The myth of Thanksgiving


To the Editor:

The current American struggle with white nationalism is not just a moment in time. It is the product of centuries of political, social, cultural, and economic developments that convinced a critical mass of white Christians that the country has always belonged to them and always should. The myth of Thanksgiving is one of the many buttresses of that ideology.

A National Day of Mourning plaque mounted on Cole’s Hill was erected by the town of Plymouth on behalf of the United American Indians of New England. It states: Since 1970, Native Americans have gathered at noon on Cole’s Hill in Plymouth to commemorate a National Day of Mourning on the U.S. Thanksgiving holiday. Many Native Americans do not celebrate the arrival of the Pilgrims and other European settlers. To them, Thanksgiving Day is a reminder of the genocide of the millions of their people, the theft of their lands, and the relentless assault on their culture. Participants in National Day of Mourning honor Native ancestors and the struggle of Native peoples to survive today. It is a day of remembrance and spiritual connections, as well as a protest of the racism and oppression which Native Americans continue to experience.”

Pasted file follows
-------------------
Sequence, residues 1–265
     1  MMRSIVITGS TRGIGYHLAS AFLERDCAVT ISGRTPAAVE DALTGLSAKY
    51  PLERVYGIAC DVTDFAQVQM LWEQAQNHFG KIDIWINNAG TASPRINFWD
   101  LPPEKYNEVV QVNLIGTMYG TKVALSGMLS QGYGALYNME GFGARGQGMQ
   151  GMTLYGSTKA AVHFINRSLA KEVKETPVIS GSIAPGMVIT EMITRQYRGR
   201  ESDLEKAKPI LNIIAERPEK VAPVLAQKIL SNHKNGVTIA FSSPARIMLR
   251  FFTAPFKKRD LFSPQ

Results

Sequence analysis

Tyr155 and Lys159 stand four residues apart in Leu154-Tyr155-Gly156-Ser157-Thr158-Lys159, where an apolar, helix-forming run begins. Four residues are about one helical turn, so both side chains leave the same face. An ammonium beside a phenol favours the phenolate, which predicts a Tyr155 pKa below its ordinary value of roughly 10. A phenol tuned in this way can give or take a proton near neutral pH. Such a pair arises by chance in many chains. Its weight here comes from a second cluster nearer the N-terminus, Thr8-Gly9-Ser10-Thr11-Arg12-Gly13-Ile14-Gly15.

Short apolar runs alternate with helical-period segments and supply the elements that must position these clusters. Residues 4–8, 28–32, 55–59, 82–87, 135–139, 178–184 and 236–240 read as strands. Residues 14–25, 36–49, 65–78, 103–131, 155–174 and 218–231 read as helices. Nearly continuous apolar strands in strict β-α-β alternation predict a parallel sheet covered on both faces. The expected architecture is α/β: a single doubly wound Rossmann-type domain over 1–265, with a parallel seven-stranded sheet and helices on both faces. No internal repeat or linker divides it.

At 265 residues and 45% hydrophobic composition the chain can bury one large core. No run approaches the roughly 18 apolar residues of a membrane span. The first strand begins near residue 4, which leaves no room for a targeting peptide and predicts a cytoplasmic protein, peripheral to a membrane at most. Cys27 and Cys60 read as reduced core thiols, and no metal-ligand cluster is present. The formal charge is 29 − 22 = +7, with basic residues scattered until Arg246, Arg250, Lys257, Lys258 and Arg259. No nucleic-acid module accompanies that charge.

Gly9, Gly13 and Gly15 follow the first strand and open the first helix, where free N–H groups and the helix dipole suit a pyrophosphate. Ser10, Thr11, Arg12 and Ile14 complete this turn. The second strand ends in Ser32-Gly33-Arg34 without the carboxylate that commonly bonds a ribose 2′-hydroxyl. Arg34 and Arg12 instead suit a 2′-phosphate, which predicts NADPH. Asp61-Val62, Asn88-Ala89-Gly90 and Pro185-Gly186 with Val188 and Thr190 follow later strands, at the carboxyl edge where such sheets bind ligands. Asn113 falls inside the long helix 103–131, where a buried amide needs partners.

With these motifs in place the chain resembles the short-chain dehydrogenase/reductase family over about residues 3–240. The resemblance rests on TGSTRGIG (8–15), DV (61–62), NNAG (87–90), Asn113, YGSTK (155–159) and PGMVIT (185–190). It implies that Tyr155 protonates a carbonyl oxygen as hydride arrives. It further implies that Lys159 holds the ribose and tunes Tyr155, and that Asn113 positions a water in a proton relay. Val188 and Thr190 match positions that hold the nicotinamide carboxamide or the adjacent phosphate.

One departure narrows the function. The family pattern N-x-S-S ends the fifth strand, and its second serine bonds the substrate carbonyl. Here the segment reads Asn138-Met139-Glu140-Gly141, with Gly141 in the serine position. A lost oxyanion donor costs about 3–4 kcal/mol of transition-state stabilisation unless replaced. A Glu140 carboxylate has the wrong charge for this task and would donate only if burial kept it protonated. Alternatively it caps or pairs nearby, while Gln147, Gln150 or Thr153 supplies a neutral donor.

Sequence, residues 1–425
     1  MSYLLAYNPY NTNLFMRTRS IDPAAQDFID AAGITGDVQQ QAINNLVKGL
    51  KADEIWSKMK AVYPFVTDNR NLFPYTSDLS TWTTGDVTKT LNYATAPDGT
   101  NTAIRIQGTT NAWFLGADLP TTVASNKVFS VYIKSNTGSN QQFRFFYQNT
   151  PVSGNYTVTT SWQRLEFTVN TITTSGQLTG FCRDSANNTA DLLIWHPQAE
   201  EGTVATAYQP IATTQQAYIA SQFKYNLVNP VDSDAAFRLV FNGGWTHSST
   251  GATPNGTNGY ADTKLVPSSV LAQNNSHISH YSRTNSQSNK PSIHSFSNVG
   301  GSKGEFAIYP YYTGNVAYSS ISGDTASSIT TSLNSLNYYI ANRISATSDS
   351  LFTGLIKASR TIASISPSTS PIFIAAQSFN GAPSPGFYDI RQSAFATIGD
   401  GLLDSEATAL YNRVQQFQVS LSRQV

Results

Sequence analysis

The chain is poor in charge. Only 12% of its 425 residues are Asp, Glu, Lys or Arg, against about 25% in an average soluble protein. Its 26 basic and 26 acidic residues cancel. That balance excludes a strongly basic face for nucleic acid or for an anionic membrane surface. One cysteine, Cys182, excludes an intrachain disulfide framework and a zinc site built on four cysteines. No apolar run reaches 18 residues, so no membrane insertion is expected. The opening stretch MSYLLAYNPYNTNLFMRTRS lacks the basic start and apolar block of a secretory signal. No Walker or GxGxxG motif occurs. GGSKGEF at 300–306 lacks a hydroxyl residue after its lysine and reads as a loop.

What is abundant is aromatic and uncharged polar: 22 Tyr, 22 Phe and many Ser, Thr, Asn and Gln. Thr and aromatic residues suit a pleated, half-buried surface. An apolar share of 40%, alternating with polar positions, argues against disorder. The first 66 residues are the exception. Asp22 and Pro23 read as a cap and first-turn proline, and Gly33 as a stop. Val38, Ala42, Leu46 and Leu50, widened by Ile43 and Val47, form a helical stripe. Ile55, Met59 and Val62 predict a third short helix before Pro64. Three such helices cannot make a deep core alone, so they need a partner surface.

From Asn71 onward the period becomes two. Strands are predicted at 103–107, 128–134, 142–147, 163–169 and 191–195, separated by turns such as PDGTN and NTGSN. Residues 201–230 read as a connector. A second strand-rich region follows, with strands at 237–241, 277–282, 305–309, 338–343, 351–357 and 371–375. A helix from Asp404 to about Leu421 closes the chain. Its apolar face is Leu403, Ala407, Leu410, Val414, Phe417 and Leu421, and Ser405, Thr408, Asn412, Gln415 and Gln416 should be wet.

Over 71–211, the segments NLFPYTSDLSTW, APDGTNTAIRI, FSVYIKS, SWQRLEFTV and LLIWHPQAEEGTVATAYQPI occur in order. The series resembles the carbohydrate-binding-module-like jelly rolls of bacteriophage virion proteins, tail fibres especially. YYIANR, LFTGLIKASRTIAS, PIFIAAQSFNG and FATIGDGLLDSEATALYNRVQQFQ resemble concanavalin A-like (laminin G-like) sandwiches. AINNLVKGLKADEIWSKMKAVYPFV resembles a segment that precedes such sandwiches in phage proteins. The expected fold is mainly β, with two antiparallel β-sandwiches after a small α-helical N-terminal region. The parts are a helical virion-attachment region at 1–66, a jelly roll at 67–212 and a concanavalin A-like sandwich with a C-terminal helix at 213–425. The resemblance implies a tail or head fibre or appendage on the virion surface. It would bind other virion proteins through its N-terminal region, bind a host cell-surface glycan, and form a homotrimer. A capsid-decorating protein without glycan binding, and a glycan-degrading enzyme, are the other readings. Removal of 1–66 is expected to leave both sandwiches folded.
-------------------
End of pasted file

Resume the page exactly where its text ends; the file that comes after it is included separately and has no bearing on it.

A second plaque, in Post Office Square, is dedicated to Metacomet (King Philip), son of Ousamequin. It addresses how he “called on Native people to unite to defend their homelands against encroachment,” only to go down to defeat to the English, who killed him, mutilated his body, displayed his severed body parts, and sold his wife and son into slavery.

Thanksgiving and the anniversary of the Pilgrims’ landing should be times for introspection and reflection, rather than celebration.

The above was taken from “This Land Is Their Land” by David J. Silverman.


Peter Cabana
Vineyard Haven